Of Fairies and Mercenaries

Sometimes writing involves having to reinvent the wheel.  I often take the things that we think we know, such as dragons and demons, and turn them into creatures that inhabit my stories.  It so happened that during NaNoWriMo I was challenged to add Fairies to my current work in progress.

The Rowdies are not really the sort of mercenaries that would bother themselves with bothering fairies…  so how could I rise to the challenge and not make a sow’s ear out of it?

I spent a little time researching the historical origins of  fairies (I read it on Wikipedia, it must be true) and that gave me a starting point. After all, modern literature has a large base of books and tales based on the concept of fairies, but I was wondering what myths and folk traditions all this wonderful wealth of stories evolved from.  As a child,  I loved J.M. Barrie’s ‘Peter Pan’, and adored the classic children’s book ‘The Shadow Castle’ by Marian Cockrell.

I read Tad Williams’ wonderful urban/neoclassic fantasy, The War of the Flowers in 2002, and after having reread it last month I was convinced that there is ample opportunity for mayhem in Waldeyn, with the addition of a few fairies into the mix.  But I will do them my way.  Waldeyn is a real world in my mind, and the elemental creatures, and majik creatures must be  as realistic as possible.  After all, dragons in my world are based on the Steller’s Jays that live in my backyard, so Fairies must also have some basis in my true reality.

What if J. M. Barrie was right when he wrote, “When the first baby laughed for the first time, his laugh broke into a million pieces, and they all went skipping about. That was the beginning of fairies.”  Majik is an unseen force that is strong in the world of Waldeyn, mutating many of the natural creatures there the way that pollution of the environment does here.  The mutations that are beneficial survive and are passed on to the next generation  Like frogs and their susceptibility to pollution here, some creatures are more susceptible to the majik than others.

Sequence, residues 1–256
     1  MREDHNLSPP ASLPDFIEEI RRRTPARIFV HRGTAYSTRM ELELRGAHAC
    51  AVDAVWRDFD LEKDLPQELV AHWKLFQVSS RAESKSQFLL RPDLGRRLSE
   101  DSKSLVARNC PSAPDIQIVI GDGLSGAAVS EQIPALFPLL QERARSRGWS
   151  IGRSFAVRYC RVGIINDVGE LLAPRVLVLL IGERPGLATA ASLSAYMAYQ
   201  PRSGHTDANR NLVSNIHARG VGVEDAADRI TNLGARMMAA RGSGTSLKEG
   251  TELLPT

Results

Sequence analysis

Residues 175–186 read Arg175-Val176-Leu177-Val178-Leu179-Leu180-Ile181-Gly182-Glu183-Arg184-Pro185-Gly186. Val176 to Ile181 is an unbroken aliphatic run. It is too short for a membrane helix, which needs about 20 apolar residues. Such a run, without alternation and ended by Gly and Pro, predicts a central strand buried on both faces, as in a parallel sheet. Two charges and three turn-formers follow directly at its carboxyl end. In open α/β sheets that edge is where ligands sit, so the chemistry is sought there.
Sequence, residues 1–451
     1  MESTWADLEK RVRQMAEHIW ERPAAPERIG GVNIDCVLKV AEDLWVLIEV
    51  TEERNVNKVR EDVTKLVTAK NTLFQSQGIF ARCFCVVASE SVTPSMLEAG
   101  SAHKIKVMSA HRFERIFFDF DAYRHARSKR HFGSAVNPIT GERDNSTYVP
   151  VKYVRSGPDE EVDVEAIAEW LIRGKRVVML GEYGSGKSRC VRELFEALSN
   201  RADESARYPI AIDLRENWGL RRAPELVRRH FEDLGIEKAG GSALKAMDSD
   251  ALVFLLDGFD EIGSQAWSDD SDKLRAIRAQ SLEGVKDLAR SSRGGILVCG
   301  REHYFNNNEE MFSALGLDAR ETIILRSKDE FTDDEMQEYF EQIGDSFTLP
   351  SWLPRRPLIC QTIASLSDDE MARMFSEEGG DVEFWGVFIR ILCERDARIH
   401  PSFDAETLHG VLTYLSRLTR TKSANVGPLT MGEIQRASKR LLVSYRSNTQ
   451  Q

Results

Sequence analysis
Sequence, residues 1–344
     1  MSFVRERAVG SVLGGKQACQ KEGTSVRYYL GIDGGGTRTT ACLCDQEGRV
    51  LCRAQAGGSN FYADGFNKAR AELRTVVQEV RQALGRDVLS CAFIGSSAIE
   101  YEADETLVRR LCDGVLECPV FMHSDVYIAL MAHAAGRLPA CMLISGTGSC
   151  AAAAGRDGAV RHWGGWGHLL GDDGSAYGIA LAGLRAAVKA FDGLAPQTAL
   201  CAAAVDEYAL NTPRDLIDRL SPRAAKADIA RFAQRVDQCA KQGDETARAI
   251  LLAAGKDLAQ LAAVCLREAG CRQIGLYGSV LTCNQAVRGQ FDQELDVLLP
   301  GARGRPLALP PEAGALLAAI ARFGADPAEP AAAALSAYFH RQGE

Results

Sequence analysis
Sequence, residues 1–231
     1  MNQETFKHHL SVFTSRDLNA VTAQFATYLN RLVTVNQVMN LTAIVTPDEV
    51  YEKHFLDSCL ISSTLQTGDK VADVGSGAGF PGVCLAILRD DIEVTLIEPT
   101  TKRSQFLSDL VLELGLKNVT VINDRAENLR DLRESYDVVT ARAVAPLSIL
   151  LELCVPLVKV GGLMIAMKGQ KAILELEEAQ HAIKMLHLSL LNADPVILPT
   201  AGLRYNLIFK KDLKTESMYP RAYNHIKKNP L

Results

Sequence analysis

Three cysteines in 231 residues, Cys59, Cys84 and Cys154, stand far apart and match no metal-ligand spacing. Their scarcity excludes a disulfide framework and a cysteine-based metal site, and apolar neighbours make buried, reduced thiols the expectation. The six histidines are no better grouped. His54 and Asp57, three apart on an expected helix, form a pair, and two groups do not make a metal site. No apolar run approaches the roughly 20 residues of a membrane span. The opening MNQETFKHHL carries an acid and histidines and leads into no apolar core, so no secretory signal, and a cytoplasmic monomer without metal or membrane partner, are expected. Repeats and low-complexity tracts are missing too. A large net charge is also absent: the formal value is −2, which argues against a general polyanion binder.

In a world where firedrakes and waterdemons are possible, then it stands to reason that if such a thing could happen, it would happen in Waldeyn.   IF fairies do exist in Waldeyn what do they look like?  For me, the answer was simple:  They would exist the way that butterflies and birds exist, being a little of both and a lot of neither, stirred together with a great joy de vive;  all that and then rather inexpertly formed in man’s image.  The picture at the top by John Anster Fitzgerald defines perfectly what they look like in my mind

Now that I knew what they were, I  knew that had to write them into the story, and that was where the fun really started.   This was the opportunity I had been looking for to inject some humor into the tale.

First off,  just how would one go about routing fairies?  And what could possibly be so bad about them that one would resort to hiring expensive mercenaries to rout them?

So, suppose the King is out-of-town, and has taken all the decent knights with him.  And suppose that he left good old John De Portiers in charge, but forgot to leave him the key to the treasury, and then suppose that something mysterious and wrong and full of majik is lurking on the road to Hyola. A bargain is struck, but it is one that is not immediately financially beneficial to Billy Ninefingers…

I have been having fun with this for the last few evenings!  Even though the finished product will be different from its current form, I now have  my jumping off place and now I have a humorous event to lighten up the doom and gloom of some of the more serious passages in this tale.

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2 Comments

Filed under Adventure, Dragons, Fairies, Fantasy, Humor, knights, Romance, writing

2 responses to “Of Fairies and Mercenaries

  1. You may have converted me to a fairy person with this, Connie!

    Like

  2. Fairies with a purpose! Can’t wait to see where you’re going to take it from there.

    Like

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